She wakes at dawn. She pads into the still dark field and bowing low, stretches sleep away. The grass is cool and sharp under her feet. She looks back – wherever she is, she loves looking back – and there is the house behind her, a rectangle of adobe, doors and windows trimmed with green, and the immense grandfather elm spreading shade over it all. Though she cannot see them, she can hear the elm beetles already at work. All morning, all evening, they click in the branches and fall out of the sky, brown dots that suddenly appear on the ground and your skin.
She sees the old man standing on the porch, facing east. From the back, he looks as young as he was when they first met, straight-backed with thick black hair that refuses to turn white.
She comes up softly but the old man has heard her and turns. And then he is unmistakably old, his face lined with arroyos and his eyes dark and moist like raisins in water.
Hola hermana, he says, cómo amaneciste?
They have known each other for so long they do not speak anymore except for these rituals of Morning, did you sleep well? and Night, may you sleep well.
They stand on the porch till the grey sky lightens into blue, till the sun rises over the hills, hits a green cholla, so the spines gleam like swords and then slants over one side of the valley. A sheen of gold spreads over brown scrubland, the junipers burn bright, the rocks edging the mesas shine dark and lustrous.
As she goes into the kitchen, she hears the thud behind her of the old man sitting down on his rocking chair. He will stay outside all day watching the light shift, the rabbits running from their burrows, the blue jays darting through juniper, and cursing under his breath at the gunshots in the distance. Always some idiots with guns. Pendejos.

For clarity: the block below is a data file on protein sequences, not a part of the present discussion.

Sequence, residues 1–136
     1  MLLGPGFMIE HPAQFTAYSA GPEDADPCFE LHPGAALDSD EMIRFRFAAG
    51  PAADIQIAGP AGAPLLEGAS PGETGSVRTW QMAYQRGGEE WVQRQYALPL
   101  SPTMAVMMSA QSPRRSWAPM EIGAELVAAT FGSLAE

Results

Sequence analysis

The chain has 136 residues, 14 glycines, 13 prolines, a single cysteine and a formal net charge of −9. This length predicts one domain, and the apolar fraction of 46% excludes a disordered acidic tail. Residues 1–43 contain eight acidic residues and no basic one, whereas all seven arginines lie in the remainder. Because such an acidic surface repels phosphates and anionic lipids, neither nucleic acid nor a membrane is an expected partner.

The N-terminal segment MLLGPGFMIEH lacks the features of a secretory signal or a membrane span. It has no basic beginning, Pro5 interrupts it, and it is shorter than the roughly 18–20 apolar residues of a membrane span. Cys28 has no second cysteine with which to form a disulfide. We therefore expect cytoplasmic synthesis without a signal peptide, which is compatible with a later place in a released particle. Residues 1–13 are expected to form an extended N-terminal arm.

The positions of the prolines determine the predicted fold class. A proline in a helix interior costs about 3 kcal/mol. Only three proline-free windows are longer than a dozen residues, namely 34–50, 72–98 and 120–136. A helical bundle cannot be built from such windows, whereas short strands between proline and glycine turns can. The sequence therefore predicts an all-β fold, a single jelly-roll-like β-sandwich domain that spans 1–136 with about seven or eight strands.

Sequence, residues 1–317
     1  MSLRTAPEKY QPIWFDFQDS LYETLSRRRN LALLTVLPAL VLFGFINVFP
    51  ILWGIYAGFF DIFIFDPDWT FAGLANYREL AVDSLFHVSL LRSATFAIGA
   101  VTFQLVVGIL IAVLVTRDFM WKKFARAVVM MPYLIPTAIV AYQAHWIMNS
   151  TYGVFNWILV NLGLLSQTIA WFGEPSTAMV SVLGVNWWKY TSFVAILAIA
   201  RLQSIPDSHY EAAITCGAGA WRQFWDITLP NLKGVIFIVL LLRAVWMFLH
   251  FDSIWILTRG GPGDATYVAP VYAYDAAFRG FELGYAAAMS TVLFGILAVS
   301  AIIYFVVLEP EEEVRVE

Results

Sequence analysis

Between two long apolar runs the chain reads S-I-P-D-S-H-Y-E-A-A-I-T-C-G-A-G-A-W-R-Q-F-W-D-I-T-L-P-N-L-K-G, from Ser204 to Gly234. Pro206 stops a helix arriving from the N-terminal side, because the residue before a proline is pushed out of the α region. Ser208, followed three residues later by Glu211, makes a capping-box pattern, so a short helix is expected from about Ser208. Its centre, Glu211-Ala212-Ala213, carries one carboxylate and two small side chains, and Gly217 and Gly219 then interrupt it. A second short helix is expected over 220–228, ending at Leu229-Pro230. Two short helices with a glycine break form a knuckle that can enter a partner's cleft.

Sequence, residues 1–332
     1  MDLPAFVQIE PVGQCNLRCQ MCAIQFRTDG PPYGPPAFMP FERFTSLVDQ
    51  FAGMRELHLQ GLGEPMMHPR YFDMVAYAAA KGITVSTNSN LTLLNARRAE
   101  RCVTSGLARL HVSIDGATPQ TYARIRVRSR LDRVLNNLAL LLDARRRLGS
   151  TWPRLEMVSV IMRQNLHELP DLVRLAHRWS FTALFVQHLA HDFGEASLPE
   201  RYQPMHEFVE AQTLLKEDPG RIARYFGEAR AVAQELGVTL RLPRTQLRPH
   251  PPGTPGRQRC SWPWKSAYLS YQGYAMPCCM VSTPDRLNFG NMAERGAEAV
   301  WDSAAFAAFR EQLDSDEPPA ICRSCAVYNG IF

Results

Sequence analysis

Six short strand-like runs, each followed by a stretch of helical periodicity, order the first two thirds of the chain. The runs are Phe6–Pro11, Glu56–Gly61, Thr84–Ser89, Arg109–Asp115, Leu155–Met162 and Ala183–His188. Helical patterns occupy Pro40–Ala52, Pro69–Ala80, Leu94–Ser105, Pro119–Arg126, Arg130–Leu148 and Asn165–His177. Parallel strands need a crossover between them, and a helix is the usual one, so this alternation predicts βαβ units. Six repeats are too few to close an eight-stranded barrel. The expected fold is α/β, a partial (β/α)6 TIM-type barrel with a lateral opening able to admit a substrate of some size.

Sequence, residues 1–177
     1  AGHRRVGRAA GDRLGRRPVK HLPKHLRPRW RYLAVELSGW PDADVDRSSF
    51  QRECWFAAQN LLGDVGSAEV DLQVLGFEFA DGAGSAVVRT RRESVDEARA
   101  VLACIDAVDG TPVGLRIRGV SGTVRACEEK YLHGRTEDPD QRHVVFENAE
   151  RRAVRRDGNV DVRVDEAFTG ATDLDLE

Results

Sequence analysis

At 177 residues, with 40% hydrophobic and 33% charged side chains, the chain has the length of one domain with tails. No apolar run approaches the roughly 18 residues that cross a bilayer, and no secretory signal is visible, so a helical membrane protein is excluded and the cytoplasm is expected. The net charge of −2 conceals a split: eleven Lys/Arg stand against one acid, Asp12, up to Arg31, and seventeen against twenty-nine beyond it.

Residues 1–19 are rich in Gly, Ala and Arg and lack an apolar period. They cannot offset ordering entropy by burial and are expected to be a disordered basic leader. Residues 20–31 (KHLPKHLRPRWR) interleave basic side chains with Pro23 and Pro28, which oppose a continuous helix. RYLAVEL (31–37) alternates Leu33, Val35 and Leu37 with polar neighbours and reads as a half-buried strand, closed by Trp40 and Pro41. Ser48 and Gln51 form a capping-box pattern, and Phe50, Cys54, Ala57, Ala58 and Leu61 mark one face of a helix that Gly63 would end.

Que guapa, says Rosamaria as she enters the kitchen and nods her in. You look like you had a long night, mi hermana, were you dreaming of your old boyfriends? Rosamaria has stood by the wooden stove all these years, every morning, making tortillas of blue corn, clicking softly under her tongue to see how well the dough listens to her fingers, swiftly patting it out into thin circles, placing them on the stove, turning them deftly till they rise, and then whisking them into a basket and covering them with a cloth.
Come eat, Rosamaria says, holding out a tortilla. The light of a single bulb illuminates the edge of her long skirt – a red flower shines, as if rising from night.
She takes the tortilla and eats it slowly, looking at one bulb above that creates as many shadows as light. The shapes of skillets hanging over the wooden stove sway gently. The floorboards creak with age, memory and water that seeps in during the summer rains. The long rectangular wooden table is empty save for one plate that the old man will not touch till the evening.
The stove crackles with piñon and juniper and fills the kitchen with an acrid smell that is as much part of morning as the sun. The heat rises to greet her, and so do memories of the days when she was not so old, when the kitchen was full of the men with whom she worked, men like Carlos and Alonzo and Rogelio.
When she would enter, they would be sitting there, still half-asleep, tortilla in one hand, coffee mug in another. But after the second cup and the sixth tortilla, the stories they told – like that crazy bull who jumped a fence and got loose. They chased him but he was far gone, across the river, across the town, clear on through to el pueblo viejo, where the old timers used to live, el pueblo fantasmo where the old timers died, and from there, they brought him back – only to find that the cows from Ramon’s ranch had followed. Then they had to turn right around and take the cows to Ramon. Qué locura.